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maple syrup

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It's sugaring season in Michigan. Did a mild winter and recent burst of warm weather give maple syrup producers anything to worry about?

MI-MAPLESYRUP.COM

Michigan’s maple syrup producers are hoping for a return to more winter-like weather.

Maple syrup relies on days above freezing for the sap to flow, and nights below freezing to make it sweet. 

Lately, the days and nights have been too warm for Kirk Hedding. He’s the president of the Michigan Maple Syrup Association. Hedding says this is turning into a "bitter" season for some maple syrup producers.

“As the sap flows, the sugar content will eventually start dropping if we don’t have any freezing weather,” says Hedding.

mi-maplesyrup.com

The first farm crop to be harvested in Michigan is ready.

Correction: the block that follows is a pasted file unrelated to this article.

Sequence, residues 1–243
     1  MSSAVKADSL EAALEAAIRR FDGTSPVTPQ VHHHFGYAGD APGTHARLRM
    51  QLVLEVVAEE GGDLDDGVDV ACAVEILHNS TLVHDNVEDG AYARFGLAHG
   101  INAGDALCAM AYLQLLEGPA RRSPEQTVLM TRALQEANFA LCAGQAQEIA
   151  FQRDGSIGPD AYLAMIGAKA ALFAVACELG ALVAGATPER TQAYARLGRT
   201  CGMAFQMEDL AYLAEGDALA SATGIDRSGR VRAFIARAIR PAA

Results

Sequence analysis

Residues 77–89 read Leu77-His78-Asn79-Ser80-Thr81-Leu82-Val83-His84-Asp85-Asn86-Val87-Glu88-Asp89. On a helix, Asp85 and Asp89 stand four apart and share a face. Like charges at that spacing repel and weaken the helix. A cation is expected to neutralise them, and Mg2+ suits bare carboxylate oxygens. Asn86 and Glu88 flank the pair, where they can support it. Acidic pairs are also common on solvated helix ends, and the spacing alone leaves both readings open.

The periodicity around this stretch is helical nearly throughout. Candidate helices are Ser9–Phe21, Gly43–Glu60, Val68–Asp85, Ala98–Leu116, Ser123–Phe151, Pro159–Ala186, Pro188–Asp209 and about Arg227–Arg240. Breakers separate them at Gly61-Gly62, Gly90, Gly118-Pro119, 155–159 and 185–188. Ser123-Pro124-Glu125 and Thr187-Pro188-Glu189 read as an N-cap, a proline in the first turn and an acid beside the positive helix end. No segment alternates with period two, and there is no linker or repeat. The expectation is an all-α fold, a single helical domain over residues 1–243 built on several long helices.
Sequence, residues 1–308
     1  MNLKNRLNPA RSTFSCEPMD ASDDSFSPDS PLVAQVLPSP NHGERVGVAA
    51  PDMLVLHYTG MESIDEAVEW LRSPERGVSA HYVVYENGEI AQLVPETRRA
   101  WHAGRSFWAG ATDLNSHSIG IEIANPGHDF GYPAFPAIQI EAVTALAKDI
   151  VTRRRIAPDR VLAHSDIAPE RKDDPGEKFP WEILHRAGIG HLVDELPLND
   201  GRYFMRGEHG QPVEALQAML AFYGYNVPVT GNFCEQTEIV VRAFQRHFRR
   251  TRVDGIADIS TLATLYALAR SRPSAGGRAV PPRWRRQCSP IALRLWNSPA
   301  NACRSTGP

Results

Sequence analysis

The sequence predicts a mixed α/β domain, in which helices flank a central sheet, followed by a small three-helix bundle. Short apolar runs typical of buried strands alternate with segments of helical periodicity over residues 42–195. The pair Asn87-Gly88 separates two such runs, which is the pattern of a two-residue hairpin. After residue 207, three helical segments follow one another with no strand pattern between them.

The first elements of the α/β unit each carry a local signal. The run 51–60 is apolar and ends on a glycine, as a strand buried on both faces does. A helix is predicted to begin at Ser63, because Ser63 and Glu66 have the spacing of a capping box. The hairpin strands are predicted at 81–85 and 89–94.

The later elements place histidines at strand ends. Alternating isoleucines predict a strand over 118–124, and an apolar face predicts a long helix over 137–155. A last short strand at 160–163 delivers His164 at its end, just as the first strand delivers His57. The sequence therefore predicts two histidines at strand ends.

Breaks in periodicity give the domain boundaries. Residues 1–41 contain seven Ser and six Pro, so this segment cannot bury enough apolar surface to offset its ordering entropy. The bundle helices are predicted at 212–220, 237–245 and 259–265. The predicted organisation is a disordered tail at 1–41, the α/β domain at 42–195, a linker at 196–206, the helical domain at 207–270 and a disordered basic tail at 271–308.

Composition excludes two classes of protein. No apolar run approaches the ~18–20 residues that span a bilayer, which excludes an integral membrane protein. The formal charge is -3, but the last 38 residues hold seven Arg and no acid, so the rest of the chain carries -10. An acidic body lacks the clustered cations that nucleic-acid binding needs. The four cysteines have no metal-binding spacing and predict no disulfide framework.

Michigan ranks number five in maple syrup production each year, and according to the Michigan Maple Syrup Association, that sweet syrup helps pump nearly $2.5 million into Michigan's economy each year.

But there are plenty of maple trees in Michigan that are not being tapped. So we wondered, if we have all these trees, why aren't more people making maple syrup?

Michael Farrell's book is called The Sugar Makers Companion: An Integrated Approach to Producing Syrup from Maple, Birch, and Walnut Trees.

Farrell joins us today.

Listen to the full interview above. 

Logan Chadde

It has been a good year for maple syrup in Michigan. Farms produced twice the amount of syrup as they did last year, thanks to prime weather conditions that extended the tree-tapping season into April.

Syrup production ended in the Lower Peninsula in early April, and the Upper Peninsula continued production until the end of April. The official numbers of gallons produced will be released in early June.